With bookend Masters wins by Phil Mickelson and Tiger Woods, the past decade has given golf fans more than their fair share of memorable major championships. But while star power on the leader board certainly helps to create a classic, Sunday drama is the ultimate factor. And spectacular recovery shots under pressure don't hurt, either. Whittling down from 40 tournaments to 10 was a bit of a challenge, and there were several difficult omissions. Those include the eventful, but rules-controversy marred, 2010 PGA Championship and 2018 U.S. Open. And apologies to Charl Schwartzel, but his four-birdie finish at Augusta National just misses, in part because we felt we had too many Masters already (If there's an award for the most consistently exciting major of the past decade, it's certainly the one that takes place in April). In any matter, here's a look back at the 10—well, 11—that made our final cut.
10. 2018 Open Championship/2018 PGA Championship
OK, so we cheated a little here. But these back-to-back majors were tough to choose from because they followed such a similar script with Tiger Woods making a Sunday charge. In both cases, he couldn’t finish the job, but he walked away as a bigger story than the two winners, Francesco Molinari and Brooks Koepka (no offense, guys). For Woods, an absurd—and gutsy—shot from a fairway bunker on No. 10 at Carnoustie, and a hooked approach from the left gallery on No. 9 at Bellerive stand out. The latter resulted in an opening 32 despite Woods not hitting a single fairway on the front nine. Woods was still trying to find his game in his latest comeback—this time from back-fusion surgery—but he seemed to discover some of that old magic. About a month after his runner-up to Koepka, Tiger won the Tour Championship for his first victory in more than five years.
9. 2017 Masters
Sergio Garcia’s window for winning a major championship seemed to be closing. And at Augusta National, it never seemed to have been open. But there the Spaniard was taking the 54-hole lead and going head to head with longtime friend and European Ryder Cup teammate Justin Rose. When Garcia lost the lead and fell behind by three on the back nine, reality seemed to have sunk in. But a miraculous par on No. 13 and an eagle on 15 forced a playoff that Garcia won with a birdie. At long last (!), Sergio had his maiden major title. In fact, his 74 starts before winning one is a record.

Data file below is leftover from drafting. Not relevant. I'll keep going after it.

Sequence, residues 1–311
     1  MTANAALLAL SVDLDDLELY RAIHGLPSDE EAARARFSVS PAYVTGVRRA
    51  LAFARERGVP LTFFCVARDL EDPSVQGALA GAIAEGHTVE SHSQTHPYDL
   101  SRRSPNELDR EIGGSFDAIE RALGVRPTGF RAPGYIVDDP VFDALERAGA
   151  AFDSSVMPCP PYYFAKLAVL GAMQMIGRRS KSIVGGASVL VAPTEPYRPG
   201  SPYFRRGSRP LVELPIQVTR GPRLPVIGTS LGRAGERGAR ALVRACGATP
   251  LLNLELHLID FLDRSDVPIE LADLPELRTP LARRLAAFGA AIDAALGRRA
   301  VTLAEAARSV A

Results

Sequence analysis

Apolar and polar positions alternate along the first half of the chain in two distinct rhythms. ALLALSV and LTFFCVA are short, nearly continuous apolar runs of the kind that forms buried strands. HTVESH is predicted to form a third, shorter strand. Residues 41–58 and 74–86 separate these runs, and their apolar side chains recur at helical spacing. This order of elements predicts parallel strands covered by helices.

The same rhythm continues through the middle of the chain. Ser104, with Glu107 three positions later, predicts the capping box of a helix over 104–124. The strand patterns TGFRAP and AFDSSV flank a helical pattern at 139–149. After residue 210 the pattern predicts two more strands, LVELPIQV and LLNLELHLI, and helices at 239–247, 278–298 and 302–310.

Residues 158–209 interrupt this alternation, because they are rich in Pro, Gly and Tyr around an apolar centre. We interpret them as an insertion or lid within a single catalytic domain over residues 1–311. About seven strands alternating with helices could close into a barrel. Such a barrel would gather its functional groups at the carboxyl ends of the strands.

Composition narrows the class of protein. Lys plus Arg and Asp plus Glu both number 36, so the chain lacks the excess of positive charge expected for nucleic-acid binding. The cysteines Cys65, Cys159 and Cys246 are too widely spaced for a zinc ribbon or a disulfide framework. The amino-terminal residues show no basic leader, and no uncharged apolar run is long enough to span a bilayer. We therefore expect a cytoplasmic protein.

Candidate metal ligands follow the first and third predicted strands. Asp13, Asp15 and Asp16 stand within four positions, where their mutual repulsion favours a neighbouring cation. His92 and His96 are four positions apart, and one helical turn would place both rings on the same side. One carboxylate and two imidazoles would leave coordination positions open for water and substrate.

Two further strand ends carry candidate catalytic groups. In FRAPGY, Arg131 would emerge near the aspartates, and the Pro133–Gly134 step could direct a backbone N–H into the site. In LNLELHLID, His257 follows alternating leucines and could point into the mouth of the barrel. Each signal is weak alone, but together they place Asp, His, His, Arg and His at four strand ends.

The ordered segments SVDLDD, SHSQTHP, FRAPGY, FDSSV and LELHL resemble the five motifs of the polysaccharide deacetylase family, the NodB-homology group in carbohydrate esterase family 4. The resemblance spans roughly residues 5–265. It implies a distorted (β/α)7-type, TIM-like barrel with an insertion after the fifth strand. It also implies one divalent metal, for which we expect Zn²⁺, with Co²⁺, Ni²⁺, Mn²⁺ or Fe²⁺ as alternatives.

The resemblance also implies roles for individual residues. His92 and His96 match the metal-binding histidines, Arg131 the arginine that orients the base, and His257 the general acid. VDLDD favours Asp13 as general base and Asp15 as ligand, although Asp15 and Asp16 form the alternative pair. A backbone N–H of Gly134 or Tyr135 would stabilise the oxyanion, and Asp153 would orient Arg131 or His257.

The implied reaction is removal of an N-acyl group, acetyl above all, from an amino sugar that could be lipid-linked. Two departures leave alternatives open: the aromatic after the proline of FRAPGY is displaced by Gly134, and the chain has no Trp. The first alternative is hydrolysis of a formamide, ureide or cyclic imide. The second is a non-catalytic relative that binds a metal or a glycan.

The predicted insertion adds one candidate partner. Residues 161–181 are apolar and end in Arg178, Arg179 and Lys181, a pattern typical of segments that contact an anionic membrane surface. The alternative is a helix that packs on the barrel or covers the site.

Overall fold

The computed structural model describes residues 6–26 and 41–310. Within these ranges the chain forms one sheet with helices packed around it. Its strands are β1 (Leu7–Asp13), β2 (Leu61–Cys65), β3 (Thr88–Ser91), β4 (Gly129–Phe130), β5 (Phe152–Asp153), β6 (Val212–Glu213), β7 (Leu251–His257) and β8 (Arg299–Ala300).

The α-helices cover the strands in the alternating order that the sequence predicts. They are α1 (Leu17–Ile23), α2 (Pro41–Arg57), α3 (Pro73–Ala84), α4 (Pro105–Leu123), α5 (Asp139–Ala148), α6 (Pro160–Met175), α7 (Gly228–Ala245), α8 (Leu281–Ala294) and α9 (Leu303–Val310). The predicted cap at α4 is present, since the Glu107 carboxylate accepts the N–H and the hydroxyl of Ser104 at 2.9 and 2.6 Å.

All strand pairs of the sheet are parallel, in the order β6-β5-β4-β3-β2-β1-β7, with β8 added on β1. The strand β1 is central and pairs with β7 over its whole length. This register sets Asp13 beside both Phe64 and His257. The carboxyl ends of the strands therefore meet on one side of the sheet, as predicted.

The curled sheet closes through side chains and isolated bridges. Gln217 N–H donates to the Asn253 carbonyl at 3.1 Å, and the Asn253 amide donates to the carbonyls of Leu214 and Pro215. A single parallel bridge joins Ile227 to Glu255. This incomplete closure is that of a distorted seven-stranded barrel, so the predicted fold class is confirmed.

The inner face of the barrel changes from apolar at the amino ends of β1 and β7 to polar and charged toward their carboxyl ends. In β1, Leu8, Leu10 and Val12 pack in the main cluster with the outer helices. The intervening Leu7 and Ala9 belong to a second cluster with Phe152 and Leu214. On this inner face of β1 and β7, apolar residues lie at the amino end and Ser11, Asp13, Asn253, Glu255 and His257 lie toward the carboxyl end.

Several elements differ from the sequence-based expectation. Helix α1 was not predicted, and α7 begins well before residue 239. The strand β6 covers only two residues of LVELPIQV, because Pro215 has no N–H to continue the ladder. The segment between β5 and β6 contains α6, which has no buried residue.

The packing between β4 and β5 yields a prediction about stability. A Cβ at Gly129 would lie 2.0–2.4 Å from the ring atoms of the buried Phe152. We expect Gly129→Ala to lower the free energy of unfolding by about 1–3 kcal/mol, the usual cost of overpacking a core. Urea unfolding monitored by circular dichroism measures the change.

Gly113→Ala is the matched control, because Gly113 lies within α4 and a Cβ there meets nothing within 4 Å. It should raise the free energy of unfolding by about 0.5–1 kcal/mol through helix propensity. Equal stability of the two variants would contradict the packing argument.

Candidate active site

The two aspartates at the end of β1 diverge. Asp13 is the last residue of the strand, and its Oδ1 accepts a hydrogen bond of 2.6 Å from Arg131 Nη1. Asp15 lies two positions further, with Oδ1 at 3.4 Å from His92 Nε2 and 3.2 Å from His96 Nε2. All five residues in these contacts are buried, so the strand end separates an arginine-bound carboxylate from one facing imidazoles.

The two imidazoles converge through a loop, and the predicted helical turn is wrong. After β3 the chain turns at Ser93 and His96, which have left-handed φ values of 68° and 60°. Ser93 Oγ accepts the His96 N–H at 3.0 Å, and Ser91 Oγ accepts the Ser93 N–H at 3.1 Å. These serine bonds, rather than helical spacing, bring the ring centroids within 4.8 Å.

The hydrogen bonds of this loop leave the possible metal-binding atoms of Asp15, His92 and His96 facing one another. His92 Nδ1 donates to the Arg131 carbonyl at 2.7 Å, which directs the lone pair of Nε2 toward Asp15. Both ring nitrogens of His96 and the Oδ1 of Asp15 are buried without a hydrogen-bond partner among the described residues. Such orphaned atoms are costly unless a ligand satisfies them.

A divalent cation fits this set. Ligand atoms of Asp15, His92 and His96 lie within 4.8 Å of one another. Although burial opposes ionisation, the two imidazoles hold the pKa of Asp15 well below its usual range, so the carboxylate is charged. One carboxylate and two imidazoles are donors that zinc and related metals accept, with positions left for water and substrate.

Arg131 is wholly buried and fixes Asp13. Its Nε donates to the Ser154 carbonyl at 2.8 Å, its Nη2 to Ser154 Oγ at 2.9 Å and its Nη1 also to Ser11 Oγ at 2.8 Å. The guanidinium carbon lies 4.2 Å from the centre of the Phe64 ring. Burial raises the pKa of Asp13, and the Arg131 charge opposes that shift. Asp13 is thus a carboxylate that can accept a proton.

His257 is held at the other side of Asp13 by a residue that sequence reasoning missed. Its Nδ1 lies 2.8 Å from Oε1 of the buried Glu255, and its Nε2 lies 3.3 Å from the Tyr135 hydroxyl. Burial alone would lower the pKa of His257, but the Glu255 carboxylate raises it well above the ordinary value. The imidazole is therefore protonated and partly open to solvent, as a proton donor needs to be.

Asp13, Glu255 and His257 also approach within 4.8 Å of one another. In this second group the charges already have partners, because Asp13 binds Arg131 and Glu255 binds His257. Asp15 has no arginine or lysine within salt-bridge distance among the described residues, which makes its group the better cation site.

8. 2015 U.S. Open
The final hour at Chambers Bay was about as wacky as they come. First, Branden Grace, holding a share of the lead with three holes to go, hit his tee shot on No. 16 out-of-bounds and onto some railroad tracks. Jordan Spieth finished birdie-double bogey-birdie. And then there was Dustin Johnson. After hitting two of the most magnificent shots imaginable—a 350-yard drive and a 5-iron to 15 feet—on the closing par 5, DJ raced his winning eagle attempt about four feet past the hole and then missed the comebacker. It instantly became one of the most heart-breaking three-putts in history, while Spieth’s 2015 season, which already included a Masters win, instantly became historic. Johnson would get some redemption a year later at the U.S. Open, although that came with a different kind of drama.
7. 2013 Masters
All seemed back to normal in the golf world late that Friday afternoon as Tiger Woods, still searching for his first major since his scandal, had a share of the lead by the time he reached the 15th hole. But an awful bounce off the flagstick and a bad drop resulted in a triple bogey that dashed his weekend chances. Even with Tiger out of serious contention, Sunday was filled with drama as Adam Scott birdied the 72nd hole to seemingly win his first major and the first Masters for Australia. Of course, it never comes easy. Angel Cabrera's incredible answer in the rain sent the two to a playoff, which Scott won by rolling in another birdie putt on the 10th hole.
6. 2013 Open Championship